“We see leaders struggle with communicating to their organization about what’s going on… They don’t want to say something that’s not true. They don’t want to have to go back or backtrack,” Benthien says. But she argues that it’s worth the risk. Especially for a Western organization, she says, over-communicating—with as much transparency as possible—is better than under-communicating.
“What’s really critical at that point is leadership being aware of their actions,” Benthien adds. “A lot of leaders forget they’re being watched by employees, and then their behavior gets mimicked, or cascaded, through the organization.”
When it comes to Chinese companies buying foreign companies, integration experts say executives should expect some challenges. “There’s some good and bad news. The bad news obviously is that there’s a big difference between the way they would be conducting business and the way things are done in the Western world,” says Siegenthaler.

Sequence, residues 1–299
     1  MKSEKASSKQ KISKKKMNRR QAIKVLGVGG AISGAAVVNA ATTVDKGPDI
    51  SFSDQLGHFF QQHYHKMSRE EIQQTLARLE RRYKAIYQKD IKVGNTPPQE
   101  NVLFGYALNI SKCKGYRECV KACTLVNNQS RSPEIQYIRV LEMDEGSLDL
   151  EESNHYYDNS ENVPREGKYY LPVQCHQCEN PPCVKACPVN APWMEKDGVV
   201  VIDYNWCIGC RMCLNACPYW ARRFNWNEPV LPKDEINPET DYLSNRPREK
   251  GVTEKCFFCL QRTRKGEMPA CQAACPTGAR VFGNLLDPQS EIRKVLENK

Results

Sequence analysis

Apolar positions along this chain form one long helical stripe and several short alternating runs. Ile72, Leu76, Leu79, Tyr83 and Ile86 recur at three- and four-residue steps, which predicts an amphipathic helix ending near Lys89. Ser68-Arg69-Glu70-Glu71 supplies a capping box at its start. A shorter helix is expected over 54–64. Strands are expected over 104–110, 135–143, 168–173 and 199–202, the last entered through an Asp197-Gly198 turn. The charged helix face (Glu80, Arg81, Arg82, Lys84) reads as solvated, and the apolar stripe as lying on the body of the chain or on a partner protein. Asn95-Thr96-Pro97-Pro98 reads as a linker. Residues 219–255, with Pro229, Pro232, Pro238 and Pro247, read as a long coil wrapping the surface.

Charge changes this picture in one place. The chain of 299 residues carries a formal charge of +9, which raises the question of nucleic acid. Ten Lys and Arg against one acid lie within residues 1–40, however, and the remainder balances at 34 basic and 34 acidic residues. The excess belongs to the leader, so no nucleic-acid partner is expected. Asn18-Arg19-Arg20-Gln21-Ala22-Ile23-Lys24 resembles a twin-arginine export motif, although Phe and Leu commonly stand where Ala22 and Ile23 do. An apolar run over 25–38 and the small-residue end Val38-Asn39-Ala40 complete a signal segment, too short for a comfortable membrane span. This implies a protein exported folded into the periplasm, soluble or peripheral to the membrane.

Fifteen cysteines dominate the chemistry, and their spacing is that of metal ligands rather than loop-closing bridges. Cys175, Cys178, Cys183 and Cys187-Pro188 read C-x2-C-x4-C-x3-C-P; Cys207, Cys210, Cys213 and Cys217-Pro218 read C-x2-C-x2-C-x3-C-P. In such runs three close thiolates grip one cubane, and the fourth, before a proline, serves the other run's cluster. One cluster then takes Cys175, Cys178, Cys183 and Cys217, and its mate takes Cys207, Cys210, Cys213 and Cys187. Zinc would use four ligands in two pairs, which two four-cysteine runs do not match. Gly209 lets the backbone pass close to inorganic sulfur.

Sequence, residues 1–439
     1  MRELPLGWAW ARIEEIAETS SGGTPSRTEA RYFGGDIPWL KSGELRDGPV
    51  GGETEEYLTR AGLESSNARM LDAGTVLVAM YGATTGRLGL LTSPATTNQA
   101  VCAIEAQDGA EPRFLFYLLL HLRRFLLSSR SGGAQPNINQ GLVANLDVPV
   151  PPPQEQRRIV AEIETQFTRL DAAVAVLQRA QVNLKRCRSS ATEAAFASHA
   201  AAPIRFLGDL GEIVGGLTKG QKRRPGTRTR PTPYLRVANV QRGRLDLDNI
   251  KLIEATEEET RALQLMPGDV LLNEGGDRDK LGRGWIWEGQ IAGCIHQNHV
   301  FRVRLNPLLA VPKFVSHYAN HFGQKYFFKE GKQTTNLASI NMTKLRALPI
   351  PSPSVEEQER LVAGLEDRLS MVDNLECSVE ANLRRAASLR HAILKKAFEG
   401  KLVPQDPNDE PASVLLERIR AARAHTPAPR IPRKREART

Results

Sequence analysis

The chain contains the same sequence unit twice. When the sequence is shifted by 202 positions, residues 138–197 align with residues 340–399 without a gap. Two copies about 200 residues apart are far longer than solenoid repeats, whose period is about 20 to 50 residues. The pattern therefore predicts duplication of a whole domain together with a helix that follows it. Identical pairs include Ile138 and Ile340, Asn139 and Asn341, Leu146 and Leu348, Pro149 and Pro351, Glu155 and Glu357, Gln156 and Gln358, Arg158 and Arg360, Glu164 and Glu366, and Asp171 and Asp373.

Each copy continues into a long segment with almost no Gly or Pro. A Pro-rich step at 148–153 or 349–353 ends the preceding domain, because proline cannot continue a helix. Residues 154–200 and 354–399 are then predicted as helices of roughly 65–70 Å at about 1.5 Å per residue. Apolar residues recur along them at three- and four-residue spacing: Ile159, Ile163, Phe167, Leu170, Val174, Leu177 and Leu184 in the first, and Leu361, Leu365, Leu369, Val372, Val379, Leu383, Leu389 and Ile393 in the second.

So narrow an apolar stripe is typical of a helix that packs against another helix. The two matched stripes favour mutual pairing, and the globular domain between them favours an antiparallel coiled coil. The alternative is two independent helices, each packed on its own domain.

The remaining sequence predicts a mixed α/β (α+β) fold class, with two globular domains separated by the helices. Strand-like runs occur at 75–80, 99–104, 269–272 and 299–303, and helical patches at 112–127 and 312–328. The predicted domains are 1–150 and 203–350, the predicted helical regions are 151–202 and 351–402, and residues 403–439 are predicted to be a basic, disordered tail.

And the good news? “The good news, I think, is that people expect there to be a big gap, so people will be actively observing and listening—in both directions,” he says.
Often, in his experience, companies from cultures that are more superficially similar actually have a harder time with integration—Austrian and German companies, for example, or English and American companies. People expect behavior to be roughly the same, but in fact subtle differences can create confusion. Between the Americans and British, for instance, he has found the Americans tended to be somewhat more hierarchical-minded.
In addition to national cultural differences, legal systems also drive different kinds of behavior. On paper, for instance, French and German companies should not be all that different for an acquirer to integrate, but in practice, German units tend to take much longer to integrate than French, because the German corporate legal structure requires that workers agree to any major changes, according to Siegenthaler.